New-York Historical Society

Category Archives: Holidays

Happy Passover and Easter!

To celebrate the holidays, here are a few lighthearted Easter and Passover images that can hardly help but make you happy, regardless of religion.                      

Beware of Things that go Blog in the Night

This post is by Tammy Kiter, Manuscript Reference Librarian Halloween’s origins can be traced back to the Celtic festival known as Samhain (pronounced “sow-in”). The Celts’ New Year was November 1st. They believed that on the night before the New Year, boundaries between the worlds of the living and the dead overlapped and that ghosts [...]

Before the Declaration of Independence…

The line between historical obscurity and fame is often a fine one. It’s not surprising then that on July 4th no one thinks about the most important document produced by Congress before the Declaration of Independence: the Declaration of the Causes and of the Necessity of Taking Up Arms. As its title implies, it was a justification for [...]

The Tale of the Wandering Washington, No. 2

This post was written by Mariam Touba, Reference Librarian. Last year at this time, we commemorated George Washington’s birthday by following a wooden statue of the general and President in its convoluted journey from city monument to private hands to mythologizing.  It would not be the only sculpture to share such a fate, and this [...]

Louis Prang, Father of the American Christmas Card

This post was written by Marybeth Kavanagh, Print Room Reference Librarian. It’s widely accepted that the  first Christmas card was printed in London in 1843, when Sir Henry Cole hired artist John Calcott Horsley to design a holiday card that he could send to his friends. But it was Boston-based printer Louis Prang who introduced [...]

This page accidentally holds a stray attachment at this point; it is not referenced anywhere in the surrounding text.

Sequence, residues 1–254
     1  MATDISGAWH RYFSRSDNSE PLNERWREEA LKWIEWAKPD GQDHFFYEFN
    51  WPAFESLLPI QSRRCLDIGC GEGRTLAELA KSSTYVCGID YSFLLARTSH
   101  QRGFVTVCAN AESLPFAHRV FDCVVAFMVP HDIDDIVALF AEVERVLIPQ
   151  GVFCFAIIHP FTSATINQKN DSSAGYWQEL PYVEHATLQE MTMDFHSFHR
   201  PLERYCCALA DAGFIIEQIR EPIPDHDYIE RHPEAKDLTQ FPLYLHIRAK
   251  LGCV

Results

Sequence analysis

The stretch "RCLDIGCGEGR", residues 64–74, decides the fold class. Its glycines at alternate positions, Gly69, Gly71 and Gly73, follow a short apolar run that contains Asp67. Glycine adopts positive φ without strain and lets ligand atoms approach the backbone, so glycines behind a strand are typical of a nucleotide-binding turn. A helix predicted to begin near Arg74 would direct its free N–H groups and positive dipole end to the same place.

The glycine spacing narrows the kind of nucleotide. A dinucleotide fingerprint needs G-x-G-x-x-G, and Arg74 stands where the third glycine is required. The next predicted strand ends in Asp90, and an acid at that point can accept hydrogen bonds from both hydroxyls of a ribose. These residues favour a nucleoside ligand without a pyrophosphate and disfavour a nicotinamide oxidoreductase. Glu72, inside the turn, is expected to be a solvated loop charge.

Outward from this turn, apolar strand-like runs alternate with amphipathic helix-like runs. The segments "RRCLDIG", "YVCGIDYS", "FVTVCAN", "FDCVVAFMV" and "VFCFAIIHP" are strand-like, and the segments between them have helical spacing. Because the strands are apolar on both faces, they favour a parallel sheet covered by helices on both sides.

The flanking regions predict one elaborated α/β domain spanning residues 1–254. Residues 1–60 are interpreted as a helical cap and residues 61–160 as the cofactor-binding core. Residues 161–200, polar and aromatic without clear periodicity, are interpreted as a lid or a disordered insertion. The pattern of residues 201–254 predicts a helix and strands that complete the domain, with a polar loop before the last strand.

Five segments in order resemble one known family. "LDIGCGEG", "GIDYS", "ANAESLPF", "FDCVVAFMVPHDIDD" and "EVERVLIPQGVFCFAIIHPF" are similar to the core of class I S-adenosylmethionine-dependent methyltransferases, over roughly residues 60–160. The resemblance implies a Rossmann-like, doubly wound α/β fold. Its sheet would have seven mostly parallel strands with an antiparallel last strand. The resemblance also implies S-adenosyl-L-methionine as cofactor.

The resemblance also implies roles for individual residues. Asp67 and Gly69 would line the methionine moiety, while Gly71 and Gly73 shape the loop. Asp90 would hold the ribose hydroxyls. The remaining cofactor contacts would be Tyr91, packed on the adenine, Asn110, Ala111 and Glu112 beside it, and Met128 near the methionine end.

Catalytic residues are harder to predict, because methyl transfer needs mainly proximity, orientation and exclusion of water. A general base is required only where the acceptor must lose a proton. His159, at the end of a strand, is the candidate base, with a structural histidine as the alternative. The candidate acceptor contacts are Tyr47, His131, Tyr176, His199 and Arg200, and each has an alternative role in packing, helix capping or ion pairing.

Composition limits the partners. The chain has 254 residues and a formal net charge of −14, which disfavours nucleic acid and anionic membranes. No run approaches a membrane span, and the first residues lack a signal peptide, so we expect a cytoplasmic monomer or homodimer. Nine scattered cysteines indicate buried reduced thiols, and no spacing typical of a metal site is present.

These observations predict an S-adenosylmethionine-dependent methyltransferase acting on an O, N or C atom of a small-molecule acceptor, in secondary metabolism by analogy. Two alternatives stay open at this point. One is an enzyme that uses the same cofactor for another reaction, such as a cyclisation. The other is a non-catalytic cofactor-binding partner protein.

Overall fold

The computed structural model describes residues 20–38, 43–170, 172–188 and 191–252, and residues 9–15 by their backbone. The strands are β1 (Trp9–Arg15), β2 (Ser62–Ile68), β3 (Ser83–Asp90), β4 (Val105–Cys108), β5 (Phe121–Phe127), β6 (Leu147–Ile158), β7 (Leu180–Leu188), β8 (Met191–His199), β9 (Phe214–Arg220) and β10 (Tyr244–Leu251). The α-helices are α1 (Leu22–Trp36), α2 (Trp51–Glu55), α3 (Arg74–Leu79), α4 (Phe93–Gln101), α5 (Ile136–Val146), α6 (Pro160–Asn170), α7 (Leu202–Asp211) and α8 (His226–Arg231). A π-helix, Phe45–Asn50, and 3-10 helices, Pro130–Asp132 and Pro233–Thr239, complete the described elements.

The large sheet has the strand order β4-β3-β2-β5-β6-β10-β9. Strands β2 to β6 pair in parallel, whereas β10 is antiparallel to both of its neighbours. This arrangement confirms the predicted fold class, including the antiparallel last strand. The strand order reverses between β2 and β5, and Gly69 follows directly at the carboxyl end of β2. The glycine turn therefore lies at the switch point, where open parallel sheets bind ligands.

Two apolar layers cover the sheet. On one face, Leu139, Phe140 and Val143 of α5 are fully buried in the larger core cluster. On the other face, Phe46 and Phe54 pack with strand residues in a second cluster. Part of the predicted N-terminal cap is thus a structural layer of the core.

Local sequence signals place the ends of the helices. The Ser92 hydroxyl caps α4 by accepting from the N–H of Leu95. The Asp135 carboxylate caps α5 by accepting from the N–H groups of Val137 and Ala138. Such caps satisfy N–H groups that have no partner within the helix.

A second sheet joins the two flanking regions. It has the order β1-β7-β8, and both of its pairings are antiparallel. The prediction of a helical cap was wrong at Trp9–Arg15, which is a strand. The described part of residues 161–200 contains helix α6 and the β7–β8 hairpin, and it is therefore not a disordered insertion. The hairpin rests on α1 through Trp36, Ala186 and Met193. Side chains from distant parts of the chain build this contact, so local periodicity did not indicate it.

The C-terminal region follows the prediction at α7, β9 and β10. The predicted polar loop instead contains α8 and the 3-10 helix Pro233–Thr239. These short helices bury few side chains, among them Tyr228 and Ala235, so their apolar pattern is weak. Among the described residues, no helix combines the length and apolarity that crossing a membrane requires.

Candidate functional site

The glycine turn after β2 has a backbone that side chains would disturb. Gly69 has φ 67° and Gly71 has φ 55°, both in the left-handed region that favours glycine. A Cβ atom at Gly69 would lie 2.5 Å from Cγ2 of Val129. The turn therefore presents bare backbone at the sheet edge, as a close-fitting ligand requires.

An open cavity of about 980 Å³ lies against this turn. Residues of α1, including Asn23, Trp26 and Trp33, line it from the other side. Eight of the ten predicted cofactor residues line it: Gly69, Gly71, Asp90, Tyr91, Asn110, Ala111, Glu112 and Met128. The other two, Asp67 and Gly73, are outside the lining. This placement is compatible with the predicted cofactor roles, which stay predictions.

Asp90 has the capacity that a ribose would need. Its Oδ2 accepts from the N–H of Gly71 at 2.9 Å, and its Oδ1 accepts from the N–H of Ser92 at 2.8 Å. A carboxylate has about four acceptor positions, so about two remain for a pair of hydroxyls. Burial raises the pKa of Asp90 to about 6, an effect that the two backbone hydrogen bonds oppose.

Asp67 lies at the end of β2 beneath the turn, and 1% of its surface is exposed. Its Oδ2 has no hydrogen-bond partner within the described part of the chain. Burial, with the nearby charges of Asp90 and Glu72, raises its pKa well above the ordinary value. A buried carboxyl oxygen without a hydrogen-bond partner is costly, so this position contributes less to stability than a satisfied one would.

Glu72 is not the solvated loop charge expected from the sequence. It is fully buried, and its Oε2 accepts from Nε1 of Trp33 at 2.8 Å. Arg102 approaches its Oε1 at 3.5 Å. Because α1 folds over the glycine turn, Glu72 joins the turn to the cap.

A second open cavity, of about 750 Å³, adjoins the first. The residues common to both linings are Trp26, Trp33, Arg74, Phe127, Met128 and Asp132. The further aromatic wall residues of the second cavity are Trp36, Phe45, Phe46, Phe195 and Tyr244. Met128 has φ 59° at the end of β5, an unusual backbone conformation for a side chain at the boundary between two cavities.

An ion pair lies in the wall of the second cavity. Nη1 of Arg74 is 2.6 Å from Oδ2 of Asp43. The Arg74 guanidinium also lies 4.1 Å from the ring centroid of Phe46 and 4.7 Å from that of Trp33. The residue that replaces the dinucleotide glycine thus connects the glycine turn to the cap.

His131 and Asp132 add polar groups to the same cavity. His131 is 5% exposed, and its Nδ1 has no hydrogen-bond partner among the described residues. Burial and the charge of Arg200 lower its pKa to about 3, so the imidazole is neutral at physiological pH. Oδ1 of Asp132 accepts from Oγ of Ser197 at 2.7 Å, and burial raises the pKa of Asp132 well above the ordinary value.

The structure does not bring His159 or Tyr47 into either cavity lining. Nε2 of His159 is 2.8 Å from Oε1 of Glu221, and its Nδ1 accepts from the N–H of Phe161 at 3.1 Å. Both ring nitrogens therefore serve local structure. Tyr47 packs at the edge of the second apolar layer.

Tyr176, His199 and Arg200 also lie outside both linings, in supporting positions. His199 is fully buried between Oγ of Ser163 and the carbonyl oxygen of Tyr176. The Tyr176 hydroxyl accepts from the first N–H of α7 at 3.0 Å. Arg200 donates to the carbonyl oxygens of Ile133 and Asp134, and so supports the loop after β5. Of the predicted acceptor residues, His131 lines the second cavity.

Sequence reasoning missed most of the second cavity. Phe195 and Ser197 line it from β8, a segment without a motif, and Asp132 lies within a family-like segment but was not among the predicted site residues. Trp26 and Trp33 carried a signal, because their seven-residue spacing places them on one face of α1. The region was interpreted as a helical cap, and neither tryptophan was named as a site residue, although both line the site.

Who wrote the Declaration of Independence?

It sounds like an easy question, right? Well, Thomas Jefferson certainly wrote it — in terms of authorship. But do you know whose hand it was that literally produced the famous handwritten copy? If you’re not sure, don’t worry, historians aren’t completely certain either. That said, there is consensus that it was “probably” Timothy Matlack, of [...]

The Tale of the Wandering Washington

Written by Joseph Ditta, Reference Librarian. In honor of Presidents’ Day, come with us back to 1889, when the celebrations marking the centennial of George Washington’s inauguration as first president of the United States were in full swing. Perhaps the most impressive manifestation of New York’s pride of place as the location for that memorable [...]

Friggatriskaidekaphobes Need Not Apply

Written by Joseph Ditta, Reference Librarian Thirteenth Annual Report of the Thirteen Club, 1895 (cover) Happy Friday the Thirteenth! Are you cowering under the covers, hoping to escape the horrible tragedies that are doomed to hit you should you set foot out of bed? If you answered yes, we are sorry to say your friggatriskaidekaphobia [...]

Carriers’ Addresses: The Holiday Gratuity, With a Little Flair

Written by Mariam Touba, Reference Librarian It still happens at this time of year, a holiday greeting is slipped under the door from a service provider offering good wishes and a subtle hint to be remembered with an end-of-the-year gratuity.  The practice is an old one, but was, in the 18th and 19th centuries, carried [...]

Veterans Day: Remembering World War I

At 5 a.m. on November 11, 1918, the United States and its allies concluded an armistice with Germany. Later that morning, at 11 a.m. French time, World War I hostilities came to an end after one concluding salvo. In America, the day became known as Armistice Day until Congress substituted “Veterans” in 1954 to expand [...]

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